But what do children think of seeing what is supposed to be their own fantasy played back to them? It seems to depend on how well children have been able to hold onto that second kind of world, the one they’ve created. Once I taught Tar Beach to a group of Detroit third graders, Cassie’s age. I came once a week with a colleague to teach poetry lessons. I read them the book before asking them to write poems or paragraphs that began with Ringgold’s opening line “I will always remember.” I asked them if they thought Cassie really flew. “No,” they said knowingly. They were already old enough to have been taught that a text is a mystery you decipher, that fiction is a tree of code, and that the truth is made of facts. So she didn’t really fly, I ventured. But she says she will always remember when the stars fell down and lifted her up above the George Washington Bridge. Do you think she really remembered it?

The room became uncomfortably quiet. How could you always remember something that objectively couldn’t have happened? Something adults told you was impossible, and that was that? The kids offered correctives to my question: she really dreamed it, maybe. She really wanted to fly. They were familiar with superpowers, those behavioral equivalents of escape pods–a way to become something totally other than what you were. The poems they wrote were memories they clung to, which might have been moments of superpower in different ways: one boy’s birthday party with his whole family and all the presents he got; the day a girl’s mother surprised her with a puppy; the solemnness of a grandmother’s funeral, believing she was in heaven. But no one, at least in writing, remembered anything that might be called a fantasy, anything another child–or the teacher–might accuse of being a lie. They might have considered themselves too old to remember such things, now that their lives were filled with real memories. (But so, I thought, was Cassie’s–those “real” memories were the essential fabric of her fantasy.)

Before the year was out, the students we worked with would have three different teachers, the best of whom was removed from her classroom to be a “math specialist” struggling students were sent to. My teaching partner and I mourned her absence. Once, when we’d written on the dry-erase board, line by line, Lucille Clifton’s poem “why some people be mad at me sometimes” (they ask me to remember / but they want me to remember / their memories / and i keep on remembering / mine), we heard her take a sharp breath at the back of the room, as if she’d seen a ghost. Her replacement was a man who yelled, in whose presence a quiet, troubled boy in sweats buried his face in his desk and stayed absolutely still. How could Cassie Louise really remember flying?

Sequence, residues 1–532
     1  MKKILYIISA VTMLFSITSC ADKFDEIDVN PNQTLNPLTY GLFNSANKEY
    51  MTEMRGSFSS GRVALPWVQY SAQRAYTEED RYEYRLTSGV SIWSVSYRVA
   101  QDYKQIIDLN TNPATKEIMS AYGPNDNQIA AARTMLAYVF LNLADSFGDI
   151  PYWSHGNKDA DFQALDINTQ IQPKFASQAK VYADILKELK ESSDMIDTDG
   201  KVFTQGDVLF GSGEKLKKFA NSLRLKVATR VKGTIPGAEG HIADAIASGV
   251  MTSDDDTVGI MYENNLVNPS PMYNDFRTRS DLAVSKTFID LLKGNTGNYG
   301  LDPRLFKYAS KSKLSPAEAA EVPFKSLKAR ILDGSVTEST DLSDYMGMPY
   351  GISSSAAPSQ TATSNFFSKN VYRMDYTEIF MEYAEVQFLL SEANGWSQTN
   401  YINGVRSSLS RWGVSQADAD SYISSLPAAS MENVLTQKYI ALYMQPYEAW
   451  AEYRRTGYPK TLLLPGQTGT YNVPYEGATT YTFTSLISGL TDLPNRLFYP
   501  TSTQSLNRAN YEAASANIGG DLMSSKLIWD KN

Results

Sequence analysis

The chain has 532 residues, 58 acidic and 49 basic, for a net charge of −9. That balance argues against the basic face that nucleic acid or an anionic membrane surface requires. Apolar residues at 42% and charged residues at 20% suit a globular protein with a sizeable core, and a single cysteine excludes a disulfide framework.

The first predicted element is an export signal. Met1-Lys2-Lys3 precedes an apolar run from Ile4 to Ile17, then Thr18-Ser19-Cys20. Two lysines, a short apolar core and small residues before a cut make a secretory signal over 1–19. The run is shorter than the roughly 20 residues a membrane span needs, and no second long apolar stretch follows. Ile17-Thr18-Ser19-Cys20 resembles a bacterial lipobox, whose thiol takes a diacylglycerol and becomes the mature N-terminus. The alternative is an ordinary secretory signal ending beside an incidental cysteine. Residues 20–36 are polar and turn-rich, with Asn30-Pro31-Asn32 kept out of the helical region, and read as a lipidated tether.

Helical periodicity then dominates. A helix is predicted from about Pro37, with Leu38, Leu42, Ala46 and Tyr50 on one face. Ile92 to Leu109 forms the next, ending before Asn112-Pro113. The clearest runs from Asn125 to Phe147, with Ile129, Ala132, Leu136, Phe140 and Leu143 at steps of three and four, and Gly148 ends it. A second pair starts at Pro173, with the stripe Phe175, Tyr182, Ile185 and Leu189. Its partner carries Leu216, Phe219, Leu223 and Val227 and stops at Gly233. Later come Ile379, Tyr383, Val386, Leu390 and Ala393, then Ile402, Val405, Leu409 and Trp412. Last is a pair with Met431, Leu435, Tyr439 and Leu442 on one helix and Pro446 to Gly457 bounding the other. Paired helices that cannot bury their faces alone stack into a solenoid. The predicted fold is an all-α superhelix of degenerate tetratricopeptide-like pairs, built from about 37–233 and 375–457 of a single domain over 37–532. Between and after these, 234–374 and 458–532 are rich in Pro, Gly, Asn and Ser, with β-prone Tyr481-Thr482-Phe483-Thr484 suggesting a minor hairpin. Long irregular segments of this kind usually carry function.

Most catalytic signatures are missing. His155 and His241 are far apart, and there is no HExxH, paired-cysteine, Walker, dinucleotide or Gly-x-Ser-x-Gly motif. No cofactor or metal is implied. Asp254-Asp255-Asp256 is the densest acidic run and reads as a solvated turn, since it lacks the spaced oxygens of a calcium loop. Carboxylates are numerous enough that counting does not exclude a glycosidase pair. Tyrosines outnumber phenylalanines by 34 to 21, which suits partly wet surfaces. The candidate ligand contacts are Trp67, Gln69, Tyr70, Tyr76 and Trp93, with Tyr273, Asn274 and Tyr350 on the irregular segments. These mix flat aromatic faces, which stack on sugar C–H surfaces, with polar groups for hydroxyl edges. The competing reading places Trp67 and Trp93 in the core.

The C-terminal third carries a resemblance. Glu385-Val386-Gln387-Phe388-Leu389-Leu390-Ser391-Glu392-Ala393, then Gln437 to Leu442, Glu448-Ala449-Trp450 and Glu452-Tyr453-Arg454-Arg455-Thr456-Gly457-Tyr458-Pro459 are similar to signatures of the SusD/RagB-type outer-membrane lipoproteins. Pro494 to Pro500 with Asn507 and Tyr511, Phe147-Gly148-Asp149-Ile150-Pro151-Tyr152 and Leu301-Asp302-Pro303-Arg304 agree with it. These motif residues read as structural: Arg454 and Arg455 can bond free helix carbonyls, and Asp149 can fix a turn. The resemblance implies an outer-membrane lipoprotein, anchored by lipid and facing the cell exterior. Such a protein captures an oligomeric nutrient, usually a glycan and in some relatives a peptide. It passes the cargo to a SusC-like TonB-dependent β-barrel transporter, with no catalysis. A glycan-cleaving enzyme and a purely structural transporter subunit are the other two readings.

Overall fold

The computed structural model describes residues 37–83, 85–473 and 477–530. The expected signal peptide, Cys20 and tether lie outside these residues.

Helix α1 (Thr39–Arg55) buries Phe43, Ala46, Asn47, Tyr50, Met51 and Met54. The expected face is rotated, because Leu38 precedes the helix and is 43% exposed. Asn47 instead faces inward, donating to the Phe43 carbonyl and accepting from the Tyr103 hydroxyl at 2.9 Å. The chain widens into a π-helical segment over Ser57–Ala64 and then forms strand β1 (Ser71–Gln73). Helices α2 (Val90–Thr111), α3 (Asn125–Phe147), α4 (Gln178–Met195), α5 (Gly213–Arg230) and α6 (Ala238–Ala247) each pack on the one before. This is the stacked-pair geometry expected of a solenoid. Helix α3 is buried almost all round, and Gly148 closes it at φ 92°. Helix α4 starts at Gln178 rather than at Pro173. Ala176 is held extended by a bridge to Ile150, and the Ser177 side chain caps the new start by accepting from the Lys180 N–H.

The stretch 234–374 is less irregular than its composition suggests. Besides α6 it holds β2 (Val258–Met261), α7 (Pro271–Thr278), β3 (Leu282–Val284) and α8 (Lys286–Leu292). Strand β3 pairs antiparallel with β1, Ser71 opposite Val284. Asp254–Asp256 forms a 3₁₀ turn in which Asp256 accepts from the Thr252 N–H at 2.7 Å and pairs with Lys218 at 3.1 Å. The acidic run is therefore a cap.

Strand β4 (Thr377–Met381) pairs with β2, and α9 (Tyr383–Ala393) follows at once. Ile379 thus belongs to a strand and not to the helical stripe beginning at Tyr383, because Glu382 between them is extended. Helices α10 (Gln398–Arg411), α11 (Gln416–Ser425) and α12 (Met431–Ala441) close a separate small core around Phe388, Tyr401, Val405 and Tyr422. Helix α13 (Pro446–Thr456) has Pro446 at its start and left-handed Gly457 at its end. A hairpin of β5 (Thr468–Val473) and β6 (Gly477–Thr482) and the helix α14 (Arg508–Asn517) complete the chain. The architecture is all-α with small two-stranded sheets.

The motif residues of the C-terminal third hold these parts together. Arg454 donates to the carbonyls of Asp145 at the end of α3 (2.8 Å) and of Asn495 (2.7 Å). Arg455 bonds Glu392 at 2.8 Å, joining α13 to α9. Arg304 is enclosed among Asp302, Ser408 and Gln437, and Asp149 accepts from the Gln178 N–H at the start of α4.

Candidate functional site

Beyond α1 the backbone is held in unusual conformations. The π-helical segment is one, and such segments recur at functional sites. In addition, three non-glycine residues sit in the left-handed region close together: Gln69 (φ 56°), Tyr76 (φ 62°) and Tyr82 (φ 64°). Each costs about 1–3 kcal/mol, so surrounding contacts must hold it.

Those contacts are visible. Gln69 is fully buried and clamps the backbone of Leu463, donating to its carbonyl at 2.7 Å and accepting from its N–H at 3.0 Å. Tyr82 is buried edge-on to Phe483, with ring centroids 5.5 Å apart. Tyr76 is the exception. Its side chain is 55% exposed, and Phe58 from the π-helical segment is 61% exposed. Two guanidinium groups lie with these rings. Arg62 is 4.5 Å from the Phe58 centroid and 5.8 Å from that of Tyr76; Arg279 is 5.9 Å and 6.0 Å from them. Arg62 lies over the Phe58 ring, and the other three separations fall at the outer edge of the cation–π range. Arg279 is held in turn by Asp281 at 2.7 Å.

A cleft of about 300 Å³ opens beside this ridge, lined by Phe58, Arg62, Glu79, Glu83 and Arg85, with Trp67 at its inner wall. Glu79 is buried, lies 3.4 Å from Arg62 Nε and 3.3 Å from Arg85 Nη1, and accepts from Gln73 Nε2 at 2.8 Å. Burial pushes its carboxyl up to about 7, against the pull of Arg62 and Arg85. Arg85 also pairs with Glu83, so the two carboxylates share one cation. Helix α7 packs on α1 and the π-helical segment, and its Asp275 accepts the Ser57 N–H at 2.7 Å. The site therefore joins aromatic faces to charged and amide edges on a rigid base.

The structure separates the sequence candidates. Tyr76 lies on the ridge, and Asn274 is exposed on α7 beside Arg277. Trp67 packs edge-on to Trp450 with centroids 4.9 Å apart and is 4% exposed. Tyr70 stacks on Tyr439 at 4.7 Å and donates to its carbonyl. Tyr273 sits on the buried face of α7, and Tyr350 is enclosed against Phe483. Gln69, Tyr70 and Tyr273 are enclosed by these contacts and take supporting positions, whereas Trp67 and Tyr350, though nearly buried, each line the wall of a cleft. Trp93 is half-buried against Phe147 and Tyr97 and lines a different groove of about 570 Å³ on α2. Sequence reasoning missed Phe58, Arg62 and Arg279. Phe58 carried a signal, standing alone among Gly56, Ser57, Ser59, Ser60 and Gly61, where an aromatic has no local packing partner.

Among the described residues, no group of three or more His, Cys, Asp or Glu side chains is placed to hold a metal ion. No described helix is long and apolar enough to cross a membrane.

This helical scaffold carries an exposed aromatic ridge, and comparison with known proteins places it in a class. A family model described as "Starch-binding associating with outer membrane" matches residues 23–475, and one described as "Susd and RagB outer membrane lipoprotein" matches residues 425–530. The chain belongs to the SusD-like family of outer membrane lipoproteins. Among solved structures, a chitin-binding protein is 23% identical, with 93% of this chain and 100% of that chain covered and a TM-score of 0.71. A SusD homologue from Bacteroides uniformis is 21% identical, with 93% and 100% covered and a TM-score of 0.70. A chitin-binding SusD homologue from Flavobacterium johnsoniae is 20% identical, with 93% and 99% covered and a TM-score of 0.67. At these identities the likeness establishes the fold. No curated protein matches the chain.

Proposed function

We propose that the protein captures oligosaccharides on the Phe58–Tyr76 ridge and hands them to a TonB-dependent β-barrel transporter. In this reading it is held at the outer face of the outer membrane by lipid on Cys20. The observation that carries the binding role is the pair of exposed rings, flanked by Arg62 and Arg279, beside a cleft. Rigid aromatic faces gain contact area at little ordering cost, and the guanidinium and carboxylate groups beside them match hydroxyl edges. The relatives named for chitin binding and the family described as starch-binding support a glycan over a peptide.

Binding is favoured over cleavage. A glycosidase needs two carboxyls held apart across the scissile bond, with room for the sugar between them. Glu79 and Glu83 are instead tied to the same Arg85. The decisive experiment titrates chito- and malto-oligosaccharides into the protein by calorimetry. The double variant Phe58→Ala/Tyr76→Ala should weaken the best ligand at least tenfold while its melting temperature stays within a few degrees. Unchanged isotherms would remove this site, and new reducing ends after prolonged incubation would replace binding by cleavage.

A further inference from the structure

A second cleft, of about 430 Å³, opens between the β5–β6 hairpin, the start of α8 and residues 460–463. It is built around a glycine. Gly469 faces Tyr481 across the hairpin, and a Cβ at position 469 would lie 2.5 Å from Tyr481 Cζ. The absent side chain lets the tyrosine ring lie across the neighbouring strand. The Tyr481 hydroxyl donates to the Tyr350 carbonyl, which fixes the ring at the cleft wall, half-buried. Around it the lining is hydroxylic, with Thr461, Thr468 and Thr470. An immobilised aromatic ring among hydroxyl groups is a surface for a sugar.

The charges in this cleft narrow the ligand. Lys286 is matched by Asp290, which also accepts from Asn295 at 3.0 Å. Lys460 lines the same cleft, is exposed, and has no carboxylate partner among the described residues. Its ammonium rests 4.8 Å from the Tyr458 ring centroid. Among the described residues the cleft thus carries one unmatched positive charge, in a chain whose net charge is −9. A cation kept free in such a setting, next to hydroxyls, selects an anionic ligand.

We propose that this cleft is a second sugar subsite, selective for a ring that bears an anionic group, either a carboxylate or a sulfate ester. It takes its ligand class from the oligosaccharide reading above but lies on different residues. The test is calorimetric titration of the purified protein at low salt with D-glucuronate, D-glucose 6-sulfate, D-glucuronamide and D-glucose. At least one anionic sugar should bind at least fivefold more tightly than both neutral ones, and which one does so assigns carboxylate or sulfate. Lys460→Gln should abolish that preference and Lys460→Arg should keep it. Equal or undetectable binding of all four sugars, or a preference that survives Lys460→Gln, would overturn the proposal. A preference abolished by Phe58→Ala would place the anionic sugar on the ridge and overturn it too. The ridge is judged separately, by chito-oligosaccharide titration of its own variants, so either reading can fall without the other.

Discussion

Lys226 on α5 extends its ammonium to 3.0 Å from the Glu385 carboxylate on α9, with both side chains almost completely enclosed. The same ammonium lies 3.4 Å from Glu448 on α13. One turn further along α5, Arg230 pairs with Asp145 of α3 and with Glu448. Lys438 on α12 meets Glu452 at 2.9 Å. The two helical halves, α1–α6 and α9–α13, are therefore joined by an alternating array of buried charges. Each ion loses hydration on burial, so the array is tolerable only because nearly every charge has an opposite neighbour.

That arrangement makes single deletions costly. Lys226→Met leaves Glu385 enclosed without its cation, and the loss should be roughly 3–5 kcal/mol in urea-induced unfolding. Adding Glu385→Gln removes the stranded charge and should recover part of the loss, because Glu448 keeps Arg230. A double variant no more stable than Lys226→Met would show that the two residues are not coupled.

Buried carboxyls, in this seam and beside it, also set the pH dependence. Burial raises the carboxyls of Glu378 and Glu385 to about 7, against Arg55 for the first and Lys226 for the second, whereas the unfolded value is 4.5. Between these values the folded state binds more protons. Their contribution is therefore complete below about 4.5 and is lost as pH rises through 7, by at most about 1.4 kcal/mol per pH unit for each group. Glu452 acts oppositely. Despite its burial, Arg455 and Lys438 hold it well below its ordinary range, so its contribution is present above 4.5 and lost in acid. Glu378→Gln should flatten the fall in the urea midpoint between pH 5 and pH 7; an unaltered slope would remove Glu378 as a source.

One day we had the kids draw portraits of each other. A girl came close to tears because she said her partner had drawn her nose too wide and her lips too big. I came over to their shared table, expecting a ghoulish caricature. When I saw the other girl’s paper, my heart sank. The drawing was faithful, and an eight-year-old girl shined out of it. It was nothing like the white-looking, straight-haired cartoons some other girls had drawn. On the paper, I could see with what beautiful attention the girl’s partner had seen and remembered her friend’s face, and on the living face I could see what trespass that had been. “BE must come before DO,” writes Winnicott. The human must be able to say “I am” before she pursues her impulses. Who would these girls say they were when no one was watching? What impossible things would they always remember?

 

Image: “Tar Beach” story quilt by Faith Ringgold, from her “Women on a Bridge” series.